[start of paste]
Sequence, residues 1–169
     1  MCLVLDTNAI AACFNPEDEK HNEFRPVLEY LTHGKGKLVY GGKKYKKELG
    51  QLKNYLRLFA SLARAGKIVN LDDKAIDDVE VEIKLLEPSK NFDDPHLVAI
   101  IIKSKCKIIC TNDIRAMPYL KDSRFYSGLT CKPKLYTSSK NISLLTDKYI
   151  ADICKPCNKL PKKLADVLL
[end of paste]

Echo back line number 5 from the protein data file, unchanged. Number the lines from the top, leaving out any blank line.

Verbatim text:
   151  ADICKPCNKL PKKLADVLL